First English edition of the Nuremberg chronicle: being the Liber chronicarum of Dr. Hartmann Schedel…

The Fourth Age of the World has its inception with the advent of David, and ends with the Babylonian captivity, a period of 484 years, according to the Hebrew teachers, and of 485 years according to the seventy interpreters. David was the first king out of the tribe of Judah over which he reigned at Hebron for 47 years; but over all Israel he ruled for 33 years. This Fourth Age begins with David, not as king of Israel, but as the first king of the tribe of Judah. To him was made the express prophecy that Christ would be born of the tribe of Judah. His deeds and history appear throughout the entire second Book of Kings, &c.[2 Kings according to the Vulgate; 2 Samuel according to the Authorized Versio.] When David learned of Saul's death, he and his relatives mourned him; and he fasted and wrote a song of lamentation in which he acknowledged Saul as the first king of Israel and as his lord.[]

David, a prince among prophets, son of Jesse of the tribe of Judah, first king of the Hebrews, began his reign over them 941 years after the death of Abraham; and altogether at Hebron and Jerusalem he reigned 40 years. He was dauntless, of a beautiful countenance and rosy complexion, of great strength, and of still greater intellect. Before the beginning of the kingdom he slew the strongest man, the giant of the Philistines, with a slingshot. In behalf of his subjugated people, he accepted leadership, and was always the first in places of danger and risk. When he assumed the reins of government, he first besieged Jerusalem, and thereafter drove out the captured Canaanites and Jebusites. And he dispersed all the Palestinians and other enemies. Finally, full of days and good deeds, he went to rest in the Lord at the age of 70 years and was buried properly at Jerusalem by his son Solomon.

Solomon (in the Year of the World 4165)[The parenthesis "(in the Year of the World 4165)" is not in the German edition of the .], a son of David by Bathsheba,[Bathsheba was the daughter of Eliam. She became the wife of Uriah, an officer in David's army. Her beauty ensnared David, for he not only committed adultery with her, but treacherously procured the death of her husband. The child of this intercourse died. When the days of mourning were over, David married her, and she afterward bore him three sons besides Solomon. When Adonijah attempted to seize the throne, Bathsheba told the king at the instigation of Nathan. It was to her as queen mother that Adonijah went with the request for the hand of Abishag. (II Samuel 11; I Kings 2:13-22).] the second king of the Hebrews, began his reign while his father still lived, and he ruled 40 years. Soon after he was born, his father gave him to Nathan the prophet, a very learned and holy man, to bring up and educate. When Solomon became a young man, his father, because of his good conduct and obedience, and in accordance with the command of the Lord, preferred him in the kingdom to his rejected brothers. Solomon fought the enemy and secured peace. Afterwards he built the most celebrated temple in the world, and in good fortune he excelled all other kings. He died at the age of 94 years, and was buried at Jerusalem.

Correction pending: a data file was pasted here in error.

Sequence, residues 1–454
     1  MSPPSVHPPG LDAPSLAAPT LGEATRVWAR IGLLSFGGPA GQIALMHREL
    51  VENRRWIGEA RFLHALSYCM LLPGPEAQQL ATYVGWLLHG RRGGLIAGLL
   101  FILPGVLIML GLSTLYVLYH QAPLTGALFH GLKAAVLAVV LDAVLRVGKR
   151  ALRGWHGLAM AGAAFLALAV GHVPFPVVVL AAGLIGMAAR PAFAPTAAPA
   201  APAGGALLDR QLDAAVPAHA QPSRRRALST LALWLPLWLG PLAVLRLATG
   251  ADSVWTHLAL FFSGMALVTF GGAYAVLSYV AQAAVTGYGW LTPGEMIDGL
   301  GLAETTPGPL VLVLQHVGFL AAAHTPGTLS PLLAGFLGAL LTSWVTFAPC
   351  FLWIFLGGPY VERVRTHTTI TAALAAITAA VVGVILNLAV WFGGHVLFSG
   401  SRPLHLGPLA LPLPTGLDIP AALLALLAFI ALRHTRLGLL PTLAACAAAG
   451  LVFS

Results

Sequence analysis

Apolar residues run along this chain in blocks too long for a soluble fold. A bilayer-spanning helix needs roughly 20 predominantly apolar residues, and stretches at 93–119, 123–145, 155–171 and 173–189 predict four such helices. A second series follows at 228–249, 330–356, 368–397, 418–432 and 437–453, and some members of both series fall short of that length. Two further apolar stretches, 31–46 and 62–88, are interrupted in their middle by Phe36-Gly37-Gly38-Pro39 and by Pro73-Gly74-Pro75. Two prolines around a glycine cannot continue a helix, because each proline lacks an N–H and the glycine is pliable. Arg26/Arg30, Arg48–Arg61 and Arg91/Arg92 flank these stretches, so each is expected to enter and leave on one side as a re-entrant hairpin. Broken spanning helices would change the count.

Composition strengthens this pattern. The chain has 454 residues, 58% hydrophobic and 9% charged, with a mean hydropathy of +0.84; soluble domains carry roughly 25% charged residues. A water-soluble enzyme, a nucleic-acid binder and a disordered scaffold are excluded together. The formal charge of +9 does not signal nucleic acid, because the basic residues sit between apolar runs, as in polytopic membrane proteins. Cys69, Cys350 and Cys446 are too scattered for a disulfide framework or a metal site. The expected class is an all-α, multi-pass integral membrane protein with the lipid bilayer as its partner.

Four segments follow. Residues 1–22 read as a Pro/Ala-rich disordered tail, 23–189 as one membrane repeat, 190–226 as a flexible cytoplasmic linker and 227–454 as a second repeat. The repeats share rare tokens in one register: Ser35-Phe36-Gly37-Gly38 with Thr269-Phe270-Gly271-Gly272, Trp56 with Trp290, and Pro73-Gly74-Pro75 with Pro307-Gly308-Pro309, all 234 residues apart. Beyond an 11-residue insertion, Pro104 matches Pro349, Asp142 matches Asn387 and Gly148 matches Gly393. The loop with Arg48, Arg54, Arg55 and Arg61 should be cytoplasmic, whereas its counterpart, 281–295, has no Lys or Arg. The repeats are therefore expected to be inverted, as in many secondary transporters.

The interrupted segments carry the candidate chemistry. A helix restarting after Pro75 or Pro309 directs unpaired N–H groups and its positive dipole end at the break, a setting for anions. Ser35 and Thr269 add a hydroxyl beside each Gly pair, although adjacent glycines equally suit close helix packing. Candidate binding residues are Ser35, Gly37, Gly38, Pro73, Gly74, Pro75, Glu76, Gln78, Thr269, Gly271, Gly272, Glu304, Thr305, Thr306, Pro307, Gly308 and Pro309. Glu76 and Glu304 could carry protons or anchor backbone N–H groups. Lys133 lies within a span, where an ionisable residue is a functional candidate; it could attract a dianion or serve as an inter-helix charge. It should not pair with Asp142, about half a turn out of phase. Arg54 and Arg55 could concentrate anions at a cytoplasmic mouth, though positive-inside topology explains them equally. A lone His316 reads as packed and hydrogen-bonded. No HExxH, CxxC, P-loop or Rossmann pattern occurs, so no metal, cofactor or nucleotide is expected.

When Queen Sheba (Saba) heard of the fame of Solomon she came from other parts of the world to hear his wisdom. And he satisfied her on all the questions that she asked. After she saw the order of his house, and his people, she praised him greatly; and they gave one another great presents. Solomon erected a throne of ivory which was approached by six steps; for all the people craved to look upon Solomon's countenance. Sheba was a prophetess, and was therefore called a sibyl. For she prophesied from the wood of the holy cross, and of the destruction of the Jews. She held the one true God in high esteem.[Sheba was a wealthy region in Arabia bordering on the Red Sea. The Queen of Sheba visited Solomon, coming to Jerusalem "with a very great train, with camels that bear spices, and very much gold and precious stones." (I Kings 10:1-13; II Chr. 9:1-12) Many ancient writers noted the abundance of spices in the Yemen, or Sabaean country. Herodotus says that the whole country exhaled an odor of marvelous sweetness, and Diodorus relates that the perfume extended far out to the sea. They used gold and silver lavishly in their furniture and utensils, and even on the doors and roofs of their houses. Precious stones also abounded there.]